Are Advanced Placement Courses Diminishing Liberal Arts Education?
At this time of year, thousands of academically accomplished students enter selective higher education institutions like mine, beginning their arduous journey toward bachelor’s degrees and beyond. They have stellar grade point averages, high SAT scores, and impressive records of community service. The vast majority also have completed Advanced Placement courses in high school, providing them with college credit and ostensibly preparing them for the rigorous academic work they will face as undergraduates.
Yet, my 40 years of undergraduate teaching in the humanities and social sciences, currently at the University of California, Los Angeles, persuade me that Advanced Placement preparation is overrated and may, ironically, diminish rather than advance the deeper objectives of a liberal arts education.
This may be a minority, even heretical, view among my faculty colleagues. Most assume that students’ AP experiences provide a modest advantage in their courses, through superior subject-matter knowledge and higher personal motivation. My experiences contradict these assumptions, however.
Most of my UCLA courses make use of art, film, literature, and other forms of cultural expression and explore their linkages to major features of history, politics, and society. They cover content that high school students presumably would encounter in such AP courses as art history, U.S. government and politics, English literature, European history, world history, U.S. history, and others. Over the years, though, I have found a disconcerting lack of historical knowledge among my undergraduate students, an observation I hear regularly in conversations with colleagues.
Routinely, I pause in my classes when I discern that a majority of students have never heard of the major historical events, movements, or persons I offer for analysis. Then I must quickly supply them with the relevant information, so that we can move on to deeper educational objectives. This is not especially troubling; my job as a teacher is to provide basic material, including the facts I think my students should already know. But recently during these classroom exchanges, I have started asking how many of the students took AP courses and examinations in high school. Their numbers are staggering.
In conversations with students, moreover, I have found that most approached their AP courses as merely another tedious hurdle to be overcome in gaining admission to selective colleges and universities. Students’ candid remarks over many years have only reinforced my conclusion that AP participation, for many, is primarily an exercise in memorization and exam passing—the antithesis of genuine liberal learning.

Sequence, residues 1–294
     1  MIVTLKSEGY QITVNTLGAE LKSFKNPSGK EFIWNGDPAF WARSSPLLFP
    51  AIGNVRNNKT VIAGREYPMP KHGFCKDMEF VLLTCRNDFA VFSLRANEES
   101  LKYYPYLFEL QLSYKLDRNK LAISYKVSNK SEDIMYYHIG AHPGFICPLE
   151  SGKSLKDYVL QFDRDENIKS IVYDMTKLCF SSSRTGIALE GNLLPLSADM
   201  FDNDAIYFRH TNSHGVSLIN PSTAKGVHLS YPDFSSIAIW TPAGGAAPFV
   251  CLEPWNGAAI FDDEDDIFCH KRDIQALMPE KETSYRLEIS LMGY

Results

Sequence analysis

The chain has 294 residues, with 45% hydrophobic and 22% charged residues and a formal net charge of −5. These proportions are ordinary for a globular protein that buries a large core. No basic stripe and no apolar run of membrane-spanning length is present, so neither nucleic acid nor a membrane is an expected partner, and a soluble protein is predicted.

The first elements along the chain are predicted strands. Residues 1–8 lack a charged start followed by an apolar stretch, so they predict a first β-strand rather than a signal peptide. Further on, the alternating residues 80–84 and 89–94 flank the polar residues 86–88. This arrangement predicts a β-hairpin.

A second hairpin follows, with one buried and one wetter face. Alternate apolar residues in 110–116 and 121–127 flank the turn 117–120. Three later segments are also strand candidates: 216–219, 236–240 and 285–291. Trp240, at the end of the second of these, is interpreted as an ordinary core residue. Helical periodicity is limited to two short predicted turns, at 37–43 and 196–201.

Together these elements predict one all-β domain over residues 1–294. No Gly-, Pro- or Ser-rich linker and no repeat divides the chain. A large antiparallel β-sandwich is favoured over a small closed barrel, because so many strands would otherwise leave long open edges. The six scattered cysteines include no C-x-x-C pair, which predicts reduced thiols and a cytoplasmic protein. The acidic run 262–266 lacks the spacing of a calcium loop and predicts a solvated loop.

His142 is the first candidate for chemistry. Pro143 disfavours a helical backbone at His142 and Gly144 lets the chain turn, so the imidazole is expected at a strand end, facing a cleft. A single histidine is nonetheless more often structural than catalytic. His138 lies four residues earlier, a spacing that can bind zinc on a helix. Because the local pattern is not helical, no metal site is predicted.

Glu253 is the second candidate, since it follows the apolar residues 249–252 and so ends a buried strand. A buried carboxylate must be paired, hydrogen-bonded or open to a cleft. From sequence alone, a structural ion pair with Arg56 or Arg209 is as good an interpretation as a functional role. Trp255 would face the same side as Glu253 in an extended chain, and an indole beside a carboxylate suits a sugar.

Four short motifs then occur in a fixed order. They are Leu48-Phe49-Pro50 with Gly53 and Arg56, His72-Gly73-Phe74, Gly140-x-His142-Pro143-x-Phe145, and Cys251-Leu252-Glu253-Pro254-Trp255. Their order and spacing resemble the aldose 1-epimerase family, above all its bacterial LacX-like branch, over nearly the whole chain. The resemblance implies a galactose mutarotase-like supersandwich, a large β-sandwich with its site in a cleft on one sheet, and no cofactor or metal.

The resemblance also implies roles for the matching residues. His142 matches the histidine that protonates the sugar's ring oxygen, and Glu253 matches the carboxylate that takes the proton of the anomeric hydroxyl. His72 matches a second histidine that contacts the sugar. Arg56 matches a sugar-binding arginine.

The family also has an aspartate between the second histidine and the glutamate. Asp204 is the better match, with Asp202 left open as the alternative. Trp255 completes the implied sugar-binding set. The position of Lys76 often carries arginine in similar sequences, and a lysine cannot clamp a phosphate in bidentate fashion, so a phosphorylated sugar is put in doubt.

Many students sheepishly admit that they forgot the AP material soon after the exam, a process they often repeat as undergraduates. Such comments suggest that their AP efforts were a response primarily to pressure from parents, peers, and institutions seeking high college-admission statistics.
The ironic result is to reduce or even eliminate the quest for authentic learning. By focusing almost exclusively on test-taking skills and examination results, too many students lose sight of what they are supposed to be doing in the first place. A subtle and insidious mind-set develops in which “results” trump the actual educational process. Such a perspective can, of course, lead to major, though limited, postsecondary “success.” But while students graduate with high honors, they come away with little feel for authentic learning and few critical-thinking skills. Résumé padding substitutes for durable knowledge and lifelong intellectual curiosity.Intrigued by this phenomenon, I have sought further discussions with UCLA students who had substantial AP experience in high school. What I’ve found has amplified my misgivings. At least in the humanities and social sciences, students report that their AP work consisted primarily of factual information. Often neglected were the subtleties and ambiguities of historical and artistic inquiry.